Beneficial cargo owners are still navigating the perils of U.S. West Coast port congestion, as they attempt to bring inventory in for the spring season.
One of the hardest-hit retailers, New York & Company, saw revenue decline because of the late merchandise deliveries, CEO Greg Scott said in a Dec. 3 earnings call. Critical goods were transported by air, costing the company an estimated $2 million in extra freight costs, and other merchandise was diverted to East Coast ports. Scott said the company is diverting through East Coast ports for the near future, and will continue to do so until “the West Coast is really a place where we can be really sure about our deliveries."
“As we move into the April-May period, if the conditions on the West Coast have not improved, we will start airing the goods we believe we need to be fast-tracked,” Scott said.
The fact that port troubles on the West Coast are being mentioned repeatedly in earnings calls, where port issues rarely get discussed, is yet another indication of how serious the ongoing problems remain even as the peak season get completed. It also shows how the problems may affect shippers' longer term views of the viability of West Coast ports.
Retailer Chico’s also experienced inventory delays. Delays in delivery of the store’s White House brand led to a drop in holiday sales, CEO Dave Dyer said in an earnings call on Nov. 25.
“We do see ongoing continued destruction out of the West Coast ports,” Dyer said. “Those are things that we continue to watch that will likely put a little bit of pressure on margin.”
Congestion at West Coast ports, most notably at the Los Angeles-Long Beach port complex, peaked at the height of holiday shipping season. Growing volumes, coupled with a lack of chassis at terminals and slowdowns by International Longshore and Warehouse Union workers combined to create delays that continue to hover at 7-8 days of dwell time at terminals, executives say.
Multiple BCOs spoke of shipping holiday cargo in earlier than normal. Those that did have seen inventory levels relatively unscathed. Five Below CEO Tom Vellios said the company had higher freight costs and a much higher inventory level than expected heading into the fourth quarter, but because of that they were well-positioned for the holiday season. American Eagle also reported the company managed through slowdowns successfully by diverting cargo and bringing in goods earlier.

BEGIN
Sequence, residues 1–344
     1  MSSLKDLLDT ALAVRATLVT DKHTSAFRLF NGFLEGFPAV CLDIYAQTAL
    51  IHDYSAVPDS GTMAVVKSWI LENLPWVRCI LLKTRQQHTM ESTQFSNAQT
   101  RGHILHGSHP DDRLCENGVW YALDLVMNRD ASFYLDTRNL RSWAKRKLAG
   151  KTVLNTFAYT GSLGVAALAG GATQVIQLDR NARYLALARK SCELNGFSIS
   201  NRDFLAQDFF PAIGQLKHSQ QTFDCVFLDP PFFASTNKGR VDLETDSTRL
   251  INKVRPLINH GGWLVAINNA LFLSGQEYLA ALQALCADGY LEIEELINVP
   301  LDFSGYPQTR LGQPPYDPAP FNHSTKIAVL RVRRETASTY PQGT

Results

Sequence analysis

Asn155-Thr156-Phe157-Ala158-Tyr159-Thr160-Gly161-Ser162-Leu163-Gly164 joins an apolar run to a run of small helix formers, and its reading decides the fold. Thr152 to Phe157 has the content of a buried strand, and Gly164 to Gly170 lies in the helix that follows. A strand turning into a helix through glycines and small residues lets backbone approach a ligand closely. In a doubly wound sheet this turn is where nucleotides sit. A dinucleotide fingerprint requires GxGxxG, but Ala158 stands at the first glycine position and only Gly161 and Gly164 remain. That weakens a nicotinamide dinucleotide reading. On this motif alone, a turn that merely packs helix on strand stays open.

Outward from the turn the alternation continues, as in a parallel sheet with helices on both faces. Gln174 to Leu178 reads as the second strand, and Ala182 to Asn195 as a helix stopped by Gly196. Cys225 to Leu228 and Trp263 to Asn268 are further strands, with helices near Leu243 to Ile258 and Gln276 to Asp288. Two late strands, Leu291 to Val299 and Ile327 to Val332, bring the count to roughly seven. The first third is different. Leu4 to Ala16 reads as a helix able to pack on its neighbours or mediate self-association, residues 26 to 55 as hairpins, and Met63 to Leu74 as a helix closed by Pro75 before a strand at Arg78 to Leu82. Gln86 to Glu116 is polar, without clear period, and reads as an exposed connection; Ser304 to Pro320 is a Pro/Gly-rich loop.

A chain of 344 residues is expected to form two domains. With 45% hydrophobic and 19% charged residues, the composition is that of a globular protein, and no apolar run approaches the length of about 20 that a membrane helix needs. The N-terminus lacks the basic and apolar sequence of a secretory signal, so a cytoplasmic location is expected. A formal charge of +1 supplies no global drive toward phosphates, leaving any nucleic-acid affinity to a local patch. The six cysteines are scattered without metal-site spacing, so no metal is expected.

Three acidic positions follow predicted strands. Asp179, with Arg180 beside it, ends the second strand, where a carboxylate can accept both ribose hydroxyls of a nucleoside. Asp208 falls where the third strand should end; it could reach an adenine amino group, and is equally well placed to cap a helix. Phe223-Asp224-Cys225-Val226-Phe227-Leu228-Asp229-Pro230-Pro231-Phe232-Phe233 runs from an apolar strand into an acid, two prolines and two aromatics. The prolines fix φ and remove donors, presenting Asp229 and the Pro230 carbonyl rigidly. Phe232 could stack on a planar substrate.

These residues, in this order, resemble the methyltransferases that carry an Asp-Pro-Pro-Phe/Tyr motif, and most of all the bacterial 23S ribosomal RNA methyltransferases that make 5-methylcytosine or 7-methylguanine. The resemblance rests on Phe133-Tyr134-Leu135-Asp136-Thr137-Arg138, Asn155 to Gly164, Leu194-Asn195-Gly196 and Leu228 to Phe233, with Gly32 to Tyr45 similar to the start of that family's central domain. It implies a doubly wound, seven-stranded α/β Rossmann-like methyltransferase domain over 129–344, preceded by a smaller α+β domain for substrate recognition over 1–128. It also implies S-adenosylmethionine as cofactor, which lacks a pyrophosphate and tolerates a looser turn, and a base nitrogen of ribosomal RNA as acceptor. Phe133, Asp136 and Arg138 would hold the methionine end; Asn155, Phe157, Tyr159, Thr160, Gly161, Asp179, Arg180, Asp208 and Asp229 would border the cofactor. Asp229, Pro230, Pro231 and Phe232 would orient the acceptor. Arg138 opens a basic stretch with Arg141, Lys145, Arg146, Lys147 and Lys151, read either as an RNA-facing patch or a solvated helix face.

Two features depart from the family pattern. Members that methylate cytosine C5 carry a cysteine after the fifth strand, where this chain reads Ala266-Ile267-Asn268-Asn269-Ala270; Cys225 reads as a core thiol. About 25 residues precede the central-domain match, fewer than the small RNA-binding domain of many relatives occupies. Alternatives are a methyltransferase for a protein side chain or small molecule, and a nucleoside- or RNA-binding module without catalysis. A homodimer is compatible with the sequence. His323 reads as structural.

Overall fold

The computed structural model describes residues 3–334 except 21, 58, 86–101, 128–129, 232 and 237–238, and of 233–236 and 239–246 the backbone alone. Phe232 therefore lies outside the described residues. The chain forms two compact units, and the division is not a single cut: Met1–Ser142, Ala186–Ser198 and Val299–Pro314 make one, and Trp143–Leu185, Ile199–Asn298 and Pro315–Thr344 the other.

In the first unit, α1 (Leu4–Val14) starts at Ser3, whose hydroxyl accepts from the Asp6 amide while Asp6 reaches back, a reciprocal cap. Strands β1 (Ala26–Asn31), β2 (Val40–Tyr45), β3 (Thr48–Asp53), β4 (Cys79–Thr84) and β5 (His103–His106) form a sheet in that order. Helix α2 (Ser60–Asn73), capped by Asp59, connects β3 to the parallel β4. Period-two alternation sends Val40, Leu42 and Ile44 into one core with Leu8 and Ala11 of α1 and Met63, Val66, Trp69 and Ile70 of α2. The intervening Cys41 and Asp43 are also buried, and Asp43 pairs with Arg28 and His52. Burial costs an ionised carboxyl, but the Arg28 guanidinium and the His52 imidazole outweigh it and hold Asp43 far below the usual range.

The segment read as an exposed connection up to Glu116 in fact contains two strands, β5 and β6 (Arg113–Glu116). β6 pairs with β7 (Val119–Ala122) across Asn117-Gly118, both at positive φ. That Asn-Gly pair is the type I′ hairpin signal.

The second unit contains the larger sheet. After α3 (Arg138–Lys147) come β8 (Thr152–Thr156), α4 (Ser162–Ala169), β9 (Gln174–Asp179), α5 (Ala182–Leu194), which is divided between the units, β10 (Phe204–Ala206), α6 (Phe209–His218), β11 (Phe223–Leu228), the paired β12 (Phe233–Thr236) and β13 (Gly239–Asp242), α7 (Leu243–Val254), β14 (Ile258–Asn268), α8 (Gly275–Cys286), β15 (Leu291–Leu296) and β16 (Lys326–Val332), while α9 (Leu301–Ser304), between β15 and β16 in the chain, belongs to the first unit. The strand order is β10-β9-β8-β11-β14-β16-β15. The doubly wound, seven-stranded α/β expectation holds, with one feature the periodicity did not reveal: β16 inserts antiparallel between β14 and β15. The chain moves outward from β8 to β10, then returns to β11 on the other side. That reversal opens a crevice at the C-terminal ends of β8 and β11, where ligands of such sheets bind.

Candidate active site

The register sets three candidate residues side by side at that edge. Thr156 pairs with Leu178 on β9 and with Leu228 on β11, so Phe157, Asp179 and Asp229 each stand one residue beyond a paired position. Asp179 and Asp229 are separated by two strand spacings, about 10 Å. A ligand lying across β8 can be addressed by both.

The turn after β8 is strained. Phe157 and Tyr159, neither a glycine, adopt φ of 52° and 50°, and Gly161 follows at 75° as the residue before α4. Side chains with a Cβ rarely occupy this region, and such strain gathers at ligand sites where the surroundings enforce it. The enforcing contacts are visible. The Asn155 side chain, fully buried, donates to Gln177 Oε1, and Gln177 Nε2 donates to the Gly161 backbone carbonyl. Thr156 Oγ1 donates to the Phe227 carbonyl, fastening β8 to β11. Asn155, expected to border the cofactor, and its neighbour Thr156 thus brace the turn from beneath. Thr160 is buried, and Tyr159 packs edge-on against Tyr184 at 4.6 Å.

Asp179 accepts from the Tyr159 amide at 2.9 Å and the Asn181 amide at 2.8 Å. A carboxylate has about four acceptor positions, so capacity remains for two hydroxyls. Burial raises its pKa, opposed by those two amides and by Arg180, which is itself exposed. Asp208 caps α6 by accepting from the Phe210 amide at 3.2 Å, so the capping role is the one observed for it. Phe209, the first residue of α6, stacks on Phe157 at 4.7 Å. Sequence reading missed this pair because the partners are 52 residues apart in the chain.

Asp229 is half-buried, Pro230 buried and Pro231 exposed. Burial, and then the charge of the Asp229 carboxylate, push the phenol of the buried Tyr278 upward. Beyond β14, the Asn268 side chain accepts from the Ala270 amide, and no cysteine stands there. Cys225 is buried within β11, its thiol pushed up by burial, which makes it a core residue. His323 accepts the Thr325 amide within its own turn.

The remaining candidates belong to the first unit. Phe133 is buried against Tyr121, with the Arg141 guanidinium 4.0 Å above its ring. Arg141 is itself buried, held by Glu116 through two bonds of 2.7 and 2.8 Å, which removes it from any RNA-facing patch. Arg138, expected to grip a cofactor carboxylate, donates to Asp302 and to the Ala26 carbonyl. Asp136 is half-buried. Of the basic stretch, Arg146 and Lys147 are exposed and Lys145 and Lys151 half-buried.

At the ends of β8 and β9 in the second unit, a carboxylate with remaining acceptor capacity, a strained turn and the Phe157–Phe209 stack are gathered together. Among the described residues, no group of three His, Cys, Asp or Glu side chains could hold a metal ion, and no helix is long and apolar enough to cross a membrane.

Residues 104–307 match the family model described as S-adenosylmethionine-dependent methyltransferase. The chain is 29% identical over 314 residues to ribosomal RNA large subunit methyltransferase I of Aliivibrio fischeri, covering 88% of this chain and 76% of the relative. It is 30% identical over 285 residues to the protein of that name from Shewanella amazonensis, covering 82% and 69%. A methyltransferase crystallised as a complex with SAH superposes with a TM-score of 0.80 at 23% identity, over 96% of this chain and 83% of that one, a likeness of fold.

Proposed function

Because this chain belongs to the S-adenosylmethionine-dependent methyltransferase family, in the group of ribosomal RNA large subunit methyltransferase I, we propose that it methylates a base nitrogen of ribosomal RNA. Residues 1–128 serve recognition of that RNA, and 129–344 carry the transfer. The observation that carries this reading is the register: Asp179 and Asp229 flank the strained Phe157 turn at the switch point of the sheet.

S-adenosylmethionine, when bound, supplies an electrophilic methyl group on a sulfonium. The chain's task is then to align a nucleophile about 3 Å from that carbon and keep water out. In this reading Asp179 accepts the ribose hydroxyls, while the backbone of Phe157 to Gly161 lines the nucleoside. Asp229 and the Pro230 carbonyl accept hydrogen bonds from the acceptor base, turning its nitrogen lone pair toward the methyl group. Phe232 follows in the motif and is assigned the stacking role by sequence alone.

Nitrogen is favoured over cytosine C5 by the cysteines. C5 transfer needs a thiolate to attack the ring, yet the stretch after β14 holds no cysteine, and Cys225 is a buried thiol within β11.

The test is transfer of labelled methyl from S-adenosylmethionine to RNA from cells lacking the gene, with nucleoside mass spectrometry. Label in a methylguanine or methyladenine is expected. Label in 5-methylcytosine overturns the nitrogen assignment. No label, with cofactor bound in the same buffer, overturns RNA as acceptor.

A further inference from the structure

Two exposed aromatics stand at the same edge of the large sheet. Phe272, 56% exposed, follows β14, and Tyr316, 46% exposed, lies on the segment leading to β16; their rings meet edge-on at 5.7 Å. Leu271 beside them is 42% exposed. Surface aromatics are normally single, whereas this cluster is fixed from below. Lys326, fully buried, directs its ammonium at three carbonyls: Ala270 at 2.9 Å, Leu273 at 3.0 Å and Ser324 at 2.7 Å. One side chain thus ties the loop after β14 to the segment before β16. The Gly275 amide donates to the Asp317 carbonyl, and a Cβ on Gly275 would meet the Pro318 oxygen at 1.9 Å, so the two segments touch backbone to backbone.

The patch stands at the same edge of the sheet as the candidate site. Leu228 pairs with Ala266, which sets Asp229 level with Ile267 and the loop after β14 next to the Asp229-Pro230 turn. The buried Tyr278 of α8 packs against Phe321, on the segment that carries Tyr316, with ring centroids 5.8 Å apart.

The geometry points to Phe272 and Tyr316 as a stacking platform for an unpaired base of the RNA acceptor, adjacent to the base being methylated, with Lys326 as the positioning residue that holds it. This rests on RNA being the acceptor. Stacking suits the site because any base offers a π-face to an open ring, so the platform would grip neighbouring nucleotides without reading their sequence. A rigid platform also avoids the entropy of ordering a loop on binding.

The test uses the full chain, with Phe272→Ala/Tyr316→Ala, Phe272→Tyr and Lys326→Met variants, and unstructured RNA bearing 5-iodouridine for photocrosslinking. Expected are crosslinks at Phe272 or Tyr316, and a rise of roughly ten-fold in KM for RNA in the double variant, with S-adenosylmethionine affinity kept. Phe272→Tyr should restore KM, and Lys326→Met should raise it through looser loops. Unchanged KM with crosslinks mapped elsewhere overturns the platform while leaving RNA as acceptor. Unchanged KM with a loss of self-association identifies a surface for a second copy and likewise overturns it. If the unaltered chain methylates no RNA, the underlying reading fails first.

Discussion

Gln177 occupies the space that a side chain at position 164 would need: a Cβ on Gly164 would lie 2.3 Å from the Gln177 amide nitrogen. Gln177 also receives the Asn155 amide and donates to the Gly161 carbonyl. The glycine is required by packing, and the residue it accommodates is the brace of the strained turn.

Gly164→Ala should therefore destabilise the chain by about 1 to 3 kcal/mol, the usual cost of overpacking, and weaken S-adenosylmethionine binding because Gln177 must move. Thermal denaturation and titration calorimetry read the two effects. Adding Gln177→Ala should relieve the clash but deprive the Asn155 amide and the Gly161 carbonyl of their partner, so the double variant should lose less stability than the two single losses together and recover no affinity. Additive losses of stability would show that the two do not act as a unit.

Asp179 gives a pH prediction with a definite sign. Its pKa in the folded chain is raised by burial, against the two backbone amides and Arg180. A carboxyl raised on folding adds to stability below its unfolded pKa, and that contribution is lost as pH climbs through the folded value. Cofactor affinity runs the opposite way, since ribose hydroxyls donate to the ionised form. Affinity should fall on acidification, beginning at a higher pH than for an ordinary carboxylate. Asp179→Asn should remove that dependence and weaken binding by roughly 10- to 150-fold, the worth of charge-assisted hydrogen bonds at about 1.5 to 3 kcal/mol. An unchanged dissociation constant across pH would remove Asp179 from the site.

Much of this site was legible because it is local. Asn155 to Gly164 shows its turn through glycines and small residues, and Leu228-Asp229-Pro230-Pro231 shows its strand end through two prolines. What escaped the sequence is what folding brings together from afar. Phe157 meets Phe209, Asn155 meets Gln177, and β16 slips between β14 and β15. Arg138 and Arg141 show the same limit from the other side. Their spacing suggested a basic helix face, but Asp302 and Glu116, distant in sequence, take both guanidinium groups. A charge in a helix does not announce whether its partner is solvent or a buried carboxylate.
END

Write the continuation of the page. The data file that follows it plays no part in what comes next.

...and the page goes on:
Best Buy CEO Hubert Joly said the company could see some supply chain disruption that would affect merchandise availability in the coming weeks, but that the company is well-stocked for the holiday season. Target is comfortable with its inventory levels as well, Chief FInancial Officer John Mulligan said. Big Lots CEO David Campisi said his company moved inventory in August and September that would typically be shipped in October, which helped them sidestep the delays at LA-Long Beach.
“We really took the offensive position on [battling congestion] very early on,” Campisi said during an earnings call on Dec. 5, transcribed by Seeking Alpha. “We pulled up a lot of inventory deliveries and worked with our partners in Asia to get containers on the water earlier than normal. Were there a few hiccups? Yes, but nothing significant.”
In the long run, the concern now shifts to whether the situation continues or deteriorates further, said Julie Whalen, chief financial officer at Williams Sonoma.
“Although we are 100 percent confident of our team’s ability to navigate this to help minimize its impact on our inventory, we are hopeful that there will be a solution soon. Given the volume of goods that pass through the West Coast ports, longer term this isn’t good for anybody,” Whalen added.
Even though negotiations between the ILWU and the Pacific Maritime Association haven’t reached the crisis level of those in 2002, when ports instituted a coastwide lockout of ILWU workers, they have dragged on longer than talks did in both 2002 and 2008, leaving shipper anxiety at a high. The ILWU could consider signing a tentative contract at its Dec. 15 caucus, but retailers are still wary of the potential for additional slowdowns or even a lockout or strike.
“A work stoppage in the West Coast ports would have negative consequences for all U.S. retailers,” DSW CEO Mike MacDonald said.